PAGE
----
As the name implies, these are heparins that are made up of molecules with lower weight than that of unfractionated heparins. These medications bind to Antithrombin, leading to an inhibition of thrombin and factor Xa in the coagulation cascade. These medications are given through subcutaneous injections.
Direct Thrombin Inhibitors
Factor Xa Inhibitors
December 2013: Oral Hypoglycemics / Oral Antihyperglycemics
There are multiple classes of oral hypoglycemic agents (also known as oral antihyperglycemic agents) used in the treatment of type 2 diabetes. These agents act by lowering the glucose level in the blood through the enhancement of insulin production, decreasing glucose production, or increasing the cells ability to uptake glucose.
These are the first line pharmacological treatment for type 2 diabetes. Also used in gestational diabetes and polycystic ovarian syndrome. Causes few adverse effects (mainly GI symptoms upon initiation) and are associated with a very low risk of hypoglycemia. Metformin works by suppressing liver glucose production.
These agents work by stimulating the pancreas to release more insulin. Sulfonylureas block ATP sensitive potassium channels in the Beta-cells of the pancreatic islets. This results in cell depolarization, leading to an influx of calcium into the cell, resulting in increased insulin secretion from the Beta-cells. Patients on sulfonylureas are at higher risk for having hypoglycemic events.
These medications have a quick onset of action and have a short duration of effect. They are structurally different than sulfonylureas and exert their effects via different receptors, but act similarly by regulating ATP dependent potassium channels in pancreatic beta cells, resulting in increased insulin secretion.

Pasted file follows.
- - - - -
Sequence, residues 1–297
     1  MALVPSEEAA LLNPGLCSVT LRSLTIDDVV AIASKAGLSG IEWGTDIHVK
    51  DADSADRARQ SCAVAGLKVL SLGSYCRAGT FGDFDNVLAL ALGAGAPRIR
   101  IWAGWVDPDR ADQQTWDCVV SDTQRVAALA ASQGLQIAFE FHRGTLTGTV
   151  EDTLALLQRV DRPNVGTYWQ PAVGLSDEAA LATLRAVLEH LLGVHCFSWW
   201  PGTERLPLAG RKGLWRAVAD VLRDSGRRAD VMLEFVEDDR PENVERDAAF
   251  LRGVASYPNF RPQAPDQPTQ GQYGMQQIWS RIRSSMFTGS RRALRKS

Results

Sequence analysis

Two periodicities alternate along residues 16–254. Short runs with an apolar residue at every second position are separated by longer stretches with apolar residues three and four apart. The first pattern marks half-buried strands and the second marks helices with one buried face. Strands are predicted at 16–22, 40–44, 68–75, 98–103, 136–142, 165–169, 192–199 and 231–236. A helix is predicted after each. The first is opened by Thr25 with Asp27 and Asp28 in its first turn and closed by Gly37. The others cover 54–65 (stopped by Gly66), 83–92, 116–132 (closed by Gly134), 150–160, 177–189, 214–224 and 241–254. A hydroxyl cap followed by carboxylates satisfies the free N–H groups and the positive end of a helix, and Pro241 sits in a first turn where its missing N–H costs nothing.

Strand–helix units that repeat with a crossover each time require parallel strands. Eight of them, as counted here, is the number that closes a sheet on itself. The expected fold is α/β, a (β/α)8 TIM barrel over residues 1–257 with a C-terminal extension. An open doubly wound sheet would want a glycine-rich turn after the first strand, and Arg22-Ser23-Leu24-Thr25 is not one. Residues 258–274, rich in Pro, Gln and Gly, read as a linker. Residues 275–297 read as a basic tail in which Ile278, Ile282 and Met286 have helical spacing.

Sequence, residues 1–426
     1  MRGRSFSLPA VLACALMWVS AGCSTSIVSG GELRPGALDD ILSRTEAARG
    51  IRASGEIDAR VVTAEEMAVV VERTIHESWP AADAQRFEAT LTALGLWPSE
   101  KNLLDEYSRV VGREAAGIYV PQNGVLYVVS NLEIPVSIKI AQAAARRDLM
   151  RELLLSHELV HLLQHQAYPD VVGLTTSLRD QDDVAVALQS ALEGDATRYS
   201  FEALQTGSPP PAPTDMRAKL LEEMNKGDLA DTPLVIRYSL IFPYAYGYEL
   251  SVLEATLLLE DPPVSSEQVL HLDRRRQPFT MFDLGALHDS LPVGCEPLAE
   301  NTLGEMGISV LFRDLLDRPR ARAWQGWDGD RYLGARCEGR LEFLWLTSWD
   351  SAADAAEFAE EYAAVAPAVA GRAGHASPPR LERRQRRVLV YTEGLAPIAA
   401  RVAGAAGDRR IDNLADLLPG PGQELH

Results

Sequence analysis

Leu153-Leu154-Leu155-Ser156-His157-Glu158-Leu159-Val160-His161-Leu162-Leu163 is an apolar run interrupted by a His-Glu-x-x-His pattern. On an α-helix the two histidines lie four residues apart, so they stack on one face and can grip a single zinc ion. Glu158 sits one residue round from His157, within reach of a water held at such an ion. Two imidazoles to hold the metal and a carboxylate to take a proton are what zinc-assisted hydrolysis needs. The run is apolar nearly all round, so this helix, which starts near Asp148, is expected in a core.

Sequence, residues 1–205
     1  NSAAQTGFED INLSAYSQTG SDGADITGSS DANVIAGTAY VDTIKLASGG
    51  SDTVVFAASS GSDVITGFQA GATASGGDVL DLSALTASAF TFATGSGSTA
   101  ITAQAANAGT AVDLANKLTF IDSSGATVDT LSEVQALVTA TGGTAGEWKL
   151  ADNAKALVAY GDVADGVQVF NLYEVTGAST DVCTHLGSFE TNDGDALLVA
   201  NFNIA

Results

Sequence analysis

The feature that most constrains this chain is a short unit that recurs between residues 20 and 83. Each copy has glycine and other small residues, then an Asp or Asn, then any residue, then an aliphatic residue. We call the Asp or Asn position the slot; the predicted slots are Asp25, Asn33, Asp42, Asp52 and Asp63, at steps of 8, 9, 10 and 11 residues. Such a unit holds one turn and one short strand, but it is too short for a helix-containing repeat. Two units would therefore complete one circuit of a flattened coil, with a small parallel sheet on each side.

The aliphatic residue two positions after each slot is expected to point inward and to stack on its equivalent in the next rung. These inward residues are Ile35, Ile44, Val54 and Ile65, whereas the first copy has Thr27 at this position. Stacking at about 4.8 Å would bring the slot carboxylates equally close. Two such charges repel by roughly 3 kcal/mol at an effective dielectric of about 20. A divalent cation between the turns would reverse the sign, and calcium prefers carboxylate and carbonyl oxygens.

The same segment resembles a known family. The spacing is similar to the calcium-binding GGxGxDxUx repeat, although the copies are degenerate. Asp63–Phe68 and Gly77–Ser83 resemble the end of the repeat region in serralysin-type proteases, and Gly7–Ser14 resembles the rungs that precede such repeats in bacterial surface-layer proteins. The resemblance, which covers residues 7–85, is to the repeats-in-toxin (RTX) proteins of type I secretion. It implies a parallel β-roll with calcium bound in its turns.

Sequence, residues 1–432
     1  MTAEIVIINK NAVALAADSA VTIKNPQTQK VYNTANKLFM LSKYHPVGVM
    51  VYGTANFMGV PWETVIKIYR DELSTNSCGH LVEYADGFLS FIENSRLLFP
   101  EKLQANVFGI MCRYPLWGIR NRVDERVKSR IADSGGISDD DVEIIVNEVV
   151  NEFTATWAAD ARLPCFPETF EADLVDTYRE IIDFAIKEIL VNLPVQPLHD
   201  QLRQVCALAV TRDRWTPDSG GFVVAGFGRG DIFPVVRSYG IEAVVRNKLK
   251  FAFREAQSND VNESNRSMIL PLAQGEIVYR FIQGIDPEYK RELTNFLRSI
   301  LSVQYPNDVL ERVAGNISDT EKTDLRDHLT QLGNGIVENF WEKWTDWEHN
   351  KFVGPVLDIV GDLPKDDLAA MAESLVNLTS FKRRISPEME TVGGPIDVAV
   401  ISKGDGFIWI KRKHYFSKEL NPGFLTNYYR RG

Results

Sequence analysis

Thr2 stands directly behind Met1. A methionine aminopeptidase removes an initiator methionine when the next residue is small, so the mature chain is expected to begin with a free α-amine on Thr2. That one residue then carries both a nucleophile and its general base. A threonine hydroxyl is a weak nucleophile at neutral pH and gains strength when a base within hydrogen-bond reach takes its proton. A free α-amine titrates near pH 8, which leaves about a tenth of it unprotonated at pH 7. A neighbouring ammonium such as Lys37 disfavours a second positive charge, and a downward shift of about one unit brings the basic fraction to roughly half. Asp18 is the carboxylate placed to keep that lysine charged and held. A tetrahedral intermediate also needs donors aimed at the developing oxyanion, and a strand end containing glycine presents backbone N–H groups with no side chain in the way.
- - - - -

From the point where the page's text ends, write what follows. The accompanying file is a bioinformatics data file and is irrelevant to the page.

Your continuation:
This class of medications increases insulin sensitivity by acting on adipose, muscle and liver to increase glucose utilization and decrease glucose production. It is thought they may also improve blood glucose levels by preserving pancreatic Beta-cell function.
These agents are not considered as initial therapy in treatment of type 2 diabetes. They help achieve glucose control through several mechanisms including enhancement of glucose dependent insulin secretion, delayed gastric emptying, regulation of postprandial glucagon and decreased appetite. These agents do not cause hypoglycemia.
These medications inhibit gastrointestinal enzymes (alpha-gluosidases) that convert complex polysaccharide carbohydrates into monosaccharides in a dose dependent fashion. They act by slowing the absorption of glucose from the GI tract.
October 2013: Tricyclic Antidepressants
|Brand Name||Generic/Chemical Name|
|Elavil, Levate, Triptyn||Amitriptyline|
|Pramine, Impril, Tripamine||Imipramine|
August 2013: Phosphodiesterase 5 (PDE5) Inhibitors
Phosphodiesterase inhibitors are a class of drugs that block one or more subtype of the enzyme phosphodiesterase. The most common out of hospital use of this class of medication are those drugs that are PDE5 selective inhibitors. These medications are used to treat erectile dysfunction and are occasionally used in the treatment of pulmonary hypertension.
Phosphodiesterase Inhibitor use within 48 hours is a contraindication for nitroglycerin administration as it can significantly enhance nitroglycerin’s vasodilatory effect and cause profound hypotension.
|Brand Name||Generic/Chemical Name|
|Stendra, Spedra (not approved for use in Canada)||Avanafil|
June 2013: Common Ministerial Anti-Inflammatory Drugs (NSAIDs)
Here are some of the common NonSteroidal Anti-Inflammatory Drugs (NSAIDs) that you might encounter when treating patients. This is not an exhaustive list, but one that you will hopefully recollect. Recognizing these will come in handy when considering ASA for Cardiac Ischemia or Ibuprofen/Ketorolac for pain. Keep in mind that an allergy or sensitivity to NSAIDs is a contraindication for the administration of ASA, Ibuprofen, and Ketorolac.
|Brand Name||Generic/Chemical Name|
|Anaprox, Naprosyn, Aleve, Vimovo||Naproxen|
|Arthrotec||Diclofenac Sodium with Misoprostol|